Stomach rotation is complete with the greater curvature facing caudally and the lesser curvature facing cranially. The stomach can be divided into three portions, fundus body and pyloric end. The pylorus develops at the gastroduodenal junction.

The dorsal pancreas becomes the body of the pancreas, which passes to the left to end as the tail at the spleen. The body subsequently fuses with the ventral surface of the left kidney.


The thyroid cartilage forms as a plate of cartilage joined in the midline with its counterpart on the opposite side. It lies in front of the laryngeal orifice. The arytenoid cartilage appears in the arytenoid swelling dorsal to the orifice. The laryngeal cartilages (thyroid, arytenoid, corniculate and cuneiform) are derived from the condensations representing the fourth and fifth arch cartilages. The vocal folds (cords) grow medially from the lateral wall of the larynx and are separated by the glottis. The infraglottic cavity lies caudal to the vocal folds surrounded by the cricoid cartilage. The cricoid cartilage is considered to represent a derivative of a sixth arch cartilage.

The trachea begins at the cricoid cartilage and its walls are composed of a series of well-defined, U shaped cartilages. The caudal movement of the tracheal bifurcation slows and later attains the definitive level of T-4–T-5 vertebrae.

The bronchopulmonary buds (tertiary branches) branch repeatedly within the lung sac giving rise to the lung containing many generations of progressively smaller intrapulmonary bronchi. Approximately 18 generations are produced by the time of birth, the very small ones being called bronchioles. Between the sixth month and term, the distal ends of the terminal bronchioli expand to form the alveoli where gaseous exchange with the blood will take place after birth.


The massive liver lies beneath the diaphragm and occupies approximately half of the abdominal cavity. It is very vascular and is the major site where blood cells are produced (hematopoiesis). Before birth hematopoietic activity in the liver subsides and moves to the red bone marrow.

The ventral pancreas becomes the head of the pancreas that joins the body around the superior mesenteric vein. Later the duct system of the dorsal and ventral pancreas fuse. The main pancreatic duct is formed from the ventral pancreatic duct and the distal segment of the dorsal pancreatic duct. It empties into the duodenum with the bile duct at the major papilla. The proximal segment of the dorsal duct either disappears or persists as the narrower accessory pancreatic duct that empties into the duodenum at the minor papilla.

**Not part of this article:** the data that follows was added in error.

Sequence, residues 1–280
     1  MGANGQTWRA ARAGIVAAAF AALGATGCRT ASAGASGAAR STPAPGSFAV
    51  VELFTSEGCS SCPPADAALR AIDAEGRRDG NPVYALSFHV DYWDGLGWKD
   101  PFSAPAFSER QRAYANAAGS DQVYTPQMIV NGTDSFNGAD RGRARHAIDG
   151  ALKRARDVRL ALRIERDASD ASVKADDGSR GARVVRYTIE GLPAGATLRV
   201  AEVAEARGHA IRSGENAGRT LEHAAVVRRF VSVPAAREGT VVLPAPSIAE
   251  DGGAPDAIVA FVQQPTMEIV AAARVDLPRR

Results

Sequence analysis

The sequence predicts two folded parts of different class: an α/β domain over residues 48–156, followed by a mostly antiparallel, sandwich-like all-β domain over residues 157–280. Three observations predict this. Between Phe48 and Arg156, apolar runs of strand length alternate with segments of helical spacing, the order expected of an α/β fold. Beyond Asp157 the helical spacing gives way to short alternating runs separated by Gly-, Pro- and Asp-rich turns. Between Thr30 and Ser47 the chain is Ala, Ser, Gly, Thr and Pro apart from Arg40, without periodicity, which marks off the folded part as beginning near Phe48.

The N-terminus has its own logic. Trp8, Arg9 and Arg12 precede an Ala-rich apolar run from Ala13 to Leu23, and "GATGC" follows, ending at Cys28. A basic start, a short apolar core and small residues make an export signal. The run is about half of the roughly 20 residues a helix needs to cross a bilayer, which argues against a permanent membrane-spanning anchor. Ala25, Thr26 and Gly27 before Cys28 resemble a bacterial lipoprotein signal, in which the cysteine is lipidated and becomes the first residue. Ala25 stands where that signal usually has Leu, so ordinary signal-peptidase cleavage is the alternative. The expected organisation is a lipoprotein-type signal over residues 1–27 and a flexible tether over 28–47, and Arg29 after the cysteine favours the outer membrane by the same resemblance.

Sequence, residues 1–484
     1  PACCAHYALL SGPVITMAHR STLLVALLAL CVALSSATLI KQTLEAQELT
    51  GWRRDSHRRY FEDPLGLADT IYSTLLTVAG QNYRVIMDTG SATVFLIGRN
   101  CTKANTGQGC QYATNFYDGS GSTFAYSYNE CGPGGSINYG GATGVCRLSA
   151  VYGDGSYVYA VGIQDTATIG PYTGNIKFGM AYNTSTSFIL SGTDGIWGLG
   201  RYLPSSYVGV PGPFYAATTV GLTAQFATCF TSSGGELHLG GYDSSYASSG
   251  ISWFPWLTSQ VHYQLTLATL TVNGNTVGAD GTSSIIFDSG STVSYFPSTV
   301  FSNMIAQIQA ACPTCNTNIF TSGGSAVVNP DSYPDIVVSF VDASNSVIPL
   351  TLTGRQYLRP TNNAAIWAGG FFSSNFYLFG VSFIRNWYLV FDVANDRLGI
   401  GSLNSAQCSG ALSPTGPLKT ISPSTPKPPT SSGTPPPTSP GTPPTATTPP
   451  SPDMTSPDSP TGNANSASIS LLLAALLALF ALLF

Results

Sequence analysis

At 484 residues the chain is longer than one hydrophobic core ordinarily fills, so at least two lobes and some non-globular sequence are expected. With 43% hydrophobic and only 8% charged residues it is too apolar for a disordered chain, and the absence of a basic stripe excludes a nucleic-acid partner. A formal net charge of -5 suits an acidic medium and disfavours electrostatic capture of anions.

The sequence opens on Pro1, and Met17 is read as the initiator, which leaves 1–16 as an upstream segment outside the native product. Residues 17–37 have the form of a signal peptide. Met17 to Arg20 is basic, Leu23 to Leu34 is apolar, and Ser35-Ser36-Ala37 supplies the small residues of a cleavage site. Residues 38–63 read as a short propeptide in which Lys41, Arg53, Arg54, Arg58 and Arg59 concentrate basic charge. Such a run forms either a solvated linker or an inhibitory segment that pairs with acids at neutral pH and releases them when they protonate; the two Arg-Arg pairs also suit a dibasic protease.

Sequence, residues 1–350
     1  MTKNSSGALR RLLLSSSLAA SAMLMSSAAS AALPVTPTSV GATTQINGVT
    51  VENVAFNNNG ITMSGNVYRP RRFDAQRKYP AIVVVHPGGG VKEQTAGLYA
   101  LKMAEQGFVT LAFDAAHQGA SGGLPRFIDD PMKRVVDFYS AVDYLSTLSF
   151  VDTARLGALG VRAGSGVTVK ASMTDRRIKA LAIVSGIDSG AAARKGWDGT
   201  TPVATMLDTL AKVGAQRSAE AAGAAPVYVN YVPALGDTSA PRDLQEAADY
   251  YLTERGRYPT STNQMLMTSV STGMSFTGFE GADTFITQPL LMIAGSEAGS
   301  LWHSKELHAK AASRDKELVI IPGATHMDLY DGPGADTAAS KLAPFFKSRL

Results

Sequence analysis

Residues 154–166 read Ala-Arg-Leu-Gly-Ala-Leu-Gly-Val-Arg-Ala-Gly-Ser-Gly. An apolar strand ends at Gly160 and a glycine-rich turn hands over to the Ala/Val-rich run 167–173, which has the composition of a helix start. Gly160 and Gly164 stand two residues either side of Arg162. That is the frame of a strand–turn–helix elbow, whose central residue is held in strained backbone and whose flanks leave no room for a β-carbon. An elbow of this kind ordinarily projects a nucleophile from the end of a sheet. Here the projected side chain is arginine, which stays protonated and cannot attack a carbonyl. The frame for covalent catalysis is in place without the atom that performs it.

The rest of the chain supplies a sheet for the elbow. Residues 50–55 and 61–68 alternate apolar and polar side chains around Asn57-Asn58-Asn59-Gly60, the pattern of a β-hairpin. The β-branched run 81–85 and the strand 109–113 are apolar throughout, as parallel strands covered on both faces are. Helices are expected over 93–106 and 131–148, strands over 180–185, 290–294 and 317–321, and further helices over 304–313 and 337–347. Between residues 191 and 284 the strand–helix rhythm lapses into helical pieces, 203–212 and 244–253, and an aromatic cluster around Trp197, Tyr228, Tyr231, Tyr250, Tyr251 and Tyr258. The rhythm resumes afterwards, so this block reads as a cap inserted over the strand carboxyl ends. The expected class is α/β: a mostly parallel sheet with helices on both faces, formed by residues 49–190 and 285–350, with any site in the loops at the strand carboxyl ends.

All of the jejunum and most of the ileum arise from the cranial limb of the midgut loop. The caudal limb becomes the terminal segment of the ileum, the cecum with its appendix, the ascending colon and the right two-thirds of the transverse colon. The midgut loop remains in the umbilical cord until the third month when it returns to the abdominal cavity. The cranial limb returns first with the jejunum settling on the left and the ileum on the right. The caudal limb then returns. The cecum, appendix, ascending colon and descending colon initially lie from right to left in a horizontal position below the liver. The cecum and appendix gradually descend from the upper right to the lower right, pulling the ascending colon with it. See Section VI for fixation of the midgut derivatives to the dorsal body wall.


When the midgut loop returns to the abdominal cavity, the cranial part of the hindgut is pushed to the left. It gives rise to the left one-third of the transverse colon, the descending colon and the sigmoid. The colon is very narrow initially but later will dilate to form the large intestine.

The terminal segment of the rectum gives rise to the upper part of the anal canal, which is therefore lined with endoderm. The lower part of the anal canal is derived from the proctodeum and is lined with ectoderm. The two parts of the anal canal become continuous with the disappearance of the anal membrane. The anal canal opens to the exterior at the anus. In the adult the point of attachment of the anal membrane is represented by the pectinate line. The pectinate line is the viscero-somatic junction with mucosa above and specialized skin below. The innervation, blood supply and lymphatic drainage differ for the two adjacent areas.

Source: Atlas of Human Embryos.